by Scott Hervey
IP Law Blog
The Supreme Court has agreed to resolve a circuit split over when a court can order the payment of an infringer’s profits to a successful plaintiff as a measure of damages. The matter comes to the Supreme Court as an appeal from the Second Circuit decision in Romag Fasteners Inc. v. Fossil Inc. et al. In that case, the jury at the lower court found that Fossil had infringed Romag’s patent and trademark rights in a magnetic snap closure and made an advisory award that included an award of $6.7 million of Fossil’s profits for trademark infringement. The judge rejected the jury’s advisory award of Fossil’s profits for trademark infringement based on the lack of a finding of willful infringement. The lower court’s rejection was affirmed by the Second Circuit.
The determination of when an infringer’s profits are a proper measure of damages depends on the interpretation of 25 USC 1117(a) that was amended in 1999. The amended Section 1117(a) provides as follows:
When a violation of any right of the registrant of a mark registered in the Patent and Trademark Office, a violation under section 1125(a) or (d) of this title, or a willful violation under section 1125(c) of this title, shall have been established in any civil action arising under this chapter, the plaintiff shall be entitled . . . subject to the principles of equity, to recover (1) defendant’s profits . . . .
Under Second Circuit precedent in existence prior to the 1999 amendment, a plaintiff had to establish willful infringement in order to recover an award of the defendant’s profits in a trademark action. In Romtag, the plaintiff argued that the 1999 amendment, which added the language “or a willful violation under section 1125(c),” effectively negated the requirement of finding of willful infringement before profits could be awarded for a violation under section 1125(a) because Congress failed to insert the word “willful” in the phrase “a violation under section 1125(a) or (d) of this title.” The trial court and the Second Circuit refused to adopt the plaintiff’s interpretation of the amended provision.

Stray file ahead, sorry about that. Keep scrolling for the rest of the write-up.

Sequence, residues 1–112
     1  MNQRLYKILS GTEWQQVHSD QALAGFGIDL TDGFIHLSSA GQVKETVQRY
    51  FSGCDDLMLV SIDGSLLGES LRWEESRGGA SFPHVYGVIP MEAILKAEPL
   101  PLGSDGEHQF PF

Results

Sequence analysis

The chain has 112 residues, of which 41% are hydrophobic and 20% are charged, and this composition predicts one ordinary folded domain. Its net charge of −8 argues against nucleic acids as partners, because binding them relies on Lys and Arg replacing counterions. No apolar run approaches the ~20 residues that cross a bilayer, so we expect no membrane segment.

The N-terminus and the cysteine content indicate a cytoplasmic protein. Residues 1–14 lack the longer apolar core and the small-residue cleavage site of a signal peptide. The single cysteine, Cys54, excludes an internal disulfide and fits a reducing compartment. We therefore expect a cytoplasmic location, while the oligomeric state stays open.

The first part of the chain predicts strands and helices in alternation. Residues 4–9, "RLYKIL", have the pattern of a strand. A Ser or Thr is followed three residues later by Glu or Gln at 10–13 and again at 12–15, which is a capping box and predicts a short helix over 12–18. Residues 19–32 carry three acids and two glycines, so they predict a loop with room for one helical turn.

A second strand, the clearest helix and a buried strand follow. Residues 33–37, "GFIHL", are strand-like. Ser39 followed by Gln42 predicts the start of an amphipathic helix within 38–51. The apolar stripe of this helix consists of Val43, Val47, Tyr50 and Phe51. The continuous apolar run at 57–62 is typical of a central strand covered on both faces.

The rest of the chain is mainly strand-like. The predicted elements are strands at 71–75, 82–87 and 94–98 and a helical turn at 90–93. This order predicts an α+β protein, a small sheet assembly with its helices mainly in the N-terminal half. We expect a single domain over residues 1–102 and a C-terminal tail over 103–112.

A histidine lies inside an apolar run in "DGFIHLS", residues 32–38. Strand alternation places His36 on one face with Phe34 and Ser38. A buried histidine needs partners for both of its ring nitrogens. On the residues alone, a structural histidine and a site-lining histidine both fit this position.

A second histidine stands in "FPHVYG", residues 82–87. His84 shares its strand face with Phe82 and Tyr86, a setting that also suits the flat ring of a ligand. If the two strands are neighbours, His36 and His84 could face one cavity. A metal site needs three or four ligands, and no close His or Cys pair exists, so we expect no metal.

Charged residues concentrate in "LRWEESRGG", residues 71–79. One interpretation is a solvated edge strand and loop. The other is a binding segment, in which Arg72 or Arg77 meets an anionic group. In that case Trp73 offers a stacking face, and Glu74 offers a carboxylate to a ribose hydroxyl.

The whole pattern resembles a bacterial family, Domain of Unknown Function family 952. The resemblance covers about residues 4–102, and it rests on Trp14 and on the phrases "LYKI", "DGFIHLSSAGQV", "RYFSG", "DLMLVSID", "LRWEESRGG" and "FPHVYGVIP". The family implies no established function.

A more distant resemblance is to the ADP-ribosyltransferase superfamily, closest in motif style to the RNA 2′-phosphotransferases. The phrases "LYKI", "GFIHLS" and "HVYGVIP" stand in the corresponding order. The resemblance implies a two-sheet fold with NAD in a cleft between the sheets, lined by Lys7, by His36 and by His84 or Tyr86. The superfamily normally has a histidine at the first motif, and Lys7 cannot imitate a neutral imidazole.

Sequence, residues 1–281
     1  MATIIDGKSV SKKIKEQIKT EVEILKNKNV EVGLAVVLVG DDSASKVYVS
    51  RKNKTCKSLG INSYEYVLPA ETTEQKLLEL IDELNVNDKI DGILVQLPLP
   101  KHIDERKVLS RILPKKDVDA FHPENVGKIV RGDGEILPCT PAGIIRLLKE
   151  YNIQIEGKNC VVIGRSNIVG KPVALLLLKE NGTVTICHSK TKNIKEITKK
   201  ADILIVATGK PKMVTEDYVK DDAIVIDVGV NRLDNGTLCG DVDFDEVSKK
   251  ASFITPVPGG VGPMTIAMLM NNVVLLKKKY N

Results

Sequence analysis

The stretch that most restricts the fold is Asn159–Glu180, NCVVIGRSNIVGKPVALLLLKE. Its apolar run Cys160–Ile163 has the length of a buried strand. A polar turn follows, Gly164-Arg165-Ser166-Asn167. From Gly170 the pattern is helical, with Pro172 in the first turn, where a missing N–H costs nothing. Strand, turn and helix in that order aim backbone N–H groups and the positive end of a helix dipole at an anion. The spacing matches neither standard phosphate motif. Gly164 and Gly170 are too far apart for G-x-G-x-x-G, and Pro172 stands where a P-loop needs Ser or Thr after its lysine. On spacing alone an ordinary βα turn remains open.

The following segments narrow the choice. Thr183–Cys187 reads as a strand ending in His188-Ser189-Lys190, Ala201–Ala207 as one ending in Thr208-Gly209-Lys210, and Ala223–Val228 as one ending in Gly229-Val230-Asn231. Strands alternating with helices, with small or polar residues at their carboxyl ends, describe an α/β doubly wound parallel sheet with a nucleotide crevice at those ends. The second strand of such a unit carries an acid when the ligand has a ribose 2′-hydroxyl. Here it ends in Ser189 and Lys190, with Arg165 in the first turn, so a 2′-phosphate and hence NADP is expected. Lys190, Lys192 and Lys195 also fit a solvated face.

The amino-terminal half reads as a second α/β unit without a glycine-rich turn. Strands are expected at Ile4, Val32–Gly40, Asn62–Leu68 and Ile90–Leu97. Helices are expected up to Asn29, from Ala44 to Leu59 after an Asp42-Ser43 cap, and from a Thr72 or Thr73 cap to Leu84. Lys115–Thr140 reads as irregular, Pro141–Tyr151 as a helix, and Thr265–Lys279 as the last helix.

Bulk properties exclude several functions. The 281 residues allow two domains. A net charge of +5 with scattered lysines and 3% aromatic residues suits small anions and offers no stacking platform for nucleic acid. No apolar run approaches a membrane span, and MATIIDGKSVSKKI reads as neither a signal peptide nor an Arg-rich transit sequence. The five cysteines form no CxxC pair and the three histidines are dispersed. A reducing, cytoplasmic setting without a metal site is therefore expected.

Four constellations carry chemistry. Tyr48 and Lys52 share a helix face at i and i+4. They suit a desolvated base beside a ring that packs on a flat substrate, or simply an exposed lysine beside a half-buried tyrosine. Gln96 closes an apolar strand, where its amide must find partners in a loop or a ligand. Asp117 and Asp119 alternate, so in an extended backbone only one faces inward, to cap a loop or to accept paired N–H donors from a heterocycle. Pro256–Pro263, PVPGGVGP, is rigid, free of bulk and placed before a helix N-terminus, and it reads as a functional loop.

The following Circuit Courts are in agreement with the Second Circuit that a finding of willfulness is required before an award of the defendant’s profits can be made: the First Circuit, the Eight Circuit, the Ninth Circuit, the Tenth Circuit and the D.C. Circuit. Of those, only the Tenth Circuit affirmatively maintained its prior willfulness requirement after the 1999 amendment. In the Tenth Circuit case, Western Diversified Services., Inc. v. Hyundai Motor America, Inc., the court held, because an award of profits is “subject to the principles of equity” and “in light of the punitive nature of such an award and the increased risk of granting plaintiff a windfall, it was appropriate under the statute to require a showing that Defendant’s actions were willful to support an award of profits under 15 U.S.C. § 1117(a).” Compare that to the Ninth Circuit which characterized the argument that the 1999 amendments abrogated prior case law as a “shaky assumption” but did not affirmatively decide the question.
On the other side of the split are the Third, Fourth, Fifth, Sixth, Seventh and Eleventh Circuits, each of which have interpreted the 1999 amendment to permit an award of the defendant’s profits absent a finding of willful infringement. In Banjo Buddies, Inc. v. Renosky, the Third Circuit reasoned that in enacting the 1999 amendment, Congress was aware of the large body of case law requiring a finding of willfulness for an award of profits for a violation of section 1125(a), and its failure to add the word “willfulness” to that section of the statute indicated a desire to supersede the judicially created doctrine of requiring willfulness.
Romag petitioned the Supreme Court to hear the case in March 2019. Romag argued that “a plaintiff’s actual damages are often difficult to measure” and “an award of an infringer’s profits is often the only meaningful monetary relief that trademark owners can secure.” Romag contends that the willfulness requirement “sets the bar too high, depriving mark holders of an important remedy and failing adequately to deter infringement.”
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